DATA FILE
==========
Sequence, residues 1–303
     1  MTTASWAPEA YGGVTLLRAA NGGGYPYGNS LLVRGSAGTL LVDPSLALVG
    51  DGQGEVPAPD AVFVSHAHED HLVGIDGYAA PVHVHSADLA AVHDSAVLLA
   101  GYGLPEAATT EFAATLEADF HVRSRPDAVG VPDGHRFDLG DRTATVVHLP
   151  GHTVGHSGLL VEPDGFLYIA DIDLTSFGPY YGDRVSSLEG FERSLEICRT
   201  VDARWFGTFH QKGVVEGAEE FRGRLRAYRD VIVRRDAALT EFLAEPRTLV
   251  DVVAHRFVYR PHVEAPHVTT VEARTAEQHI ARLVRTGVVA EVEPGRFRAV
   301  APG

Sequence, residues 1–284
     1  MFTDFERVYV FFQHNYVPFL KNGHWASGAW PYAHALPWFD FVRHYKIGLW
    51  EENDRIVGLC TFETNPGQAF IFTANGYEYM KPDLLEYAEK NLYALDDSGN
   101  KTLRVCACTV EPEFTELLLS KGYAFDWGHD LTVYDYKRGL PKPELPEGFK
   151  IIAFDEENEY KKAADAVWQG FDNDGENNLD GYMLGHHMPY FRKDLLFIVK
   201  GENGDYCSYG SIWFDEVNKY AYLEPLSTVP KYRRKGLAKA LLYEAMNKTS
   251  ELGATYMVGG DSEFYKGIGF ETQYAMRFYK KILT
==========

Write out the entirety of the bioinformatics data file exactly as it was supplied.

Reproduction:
Sequence, residues 1–303
     1  MTTASWAPEA YGGVTLLRAA NGGGYPYGNS LLVRGSAGTL LVDPSLALVG
    51  DGQGEVPAPD AVFVSHAHED HLVGIDGYAA PVHVHSADLA AVHDSAVLLA
   101  GYGLPEAATT EFAATLEADF HVRSRPDAVG VPDGHRFDLG DRTATVVHLP
   151  GHTVGHSGLL VEPDGFLYIA DIDLTSFGPY YGDRVSSLEG FERSLEICRT
   201  VDARWFGTFH QKGVVEGAEE FRGRLRAYRD VIVRRDAALT EFLAEPRTLV
   251  DVVAHRFVYR PHVEAPHVTT VEARTAEQHI ARLVRTGVVA EVEPGRFRAV
   301  APG

Sequence, residues 1–284
     1  MFTDFERVYV FFQHNYVPFL KNGHWASGAW PYAHALPWFD FVRHYKIGLW
    51  EENDRIVGLC TFETNPGQAF IFTANGYEYM KPDLLEYAEK NLYALDDSGN
   101  KTLRVCACTV EPEFTELLLS KGYAFDWGHD LTVYDYKRGL PKPELPEGFK
   151  IIAFDEENEY KKAADAVWQG FDNDGENNLD GYMLGHHMPY FRKDLLFIVK
   201  GENGDYCSYG SIWFDEVNKY AYLEPLSTVP KYRRKGLAKA LLYEAMNKTS
   251  ELGATYMVGG DSEFYKGIGF ETQYAMRFYK KILT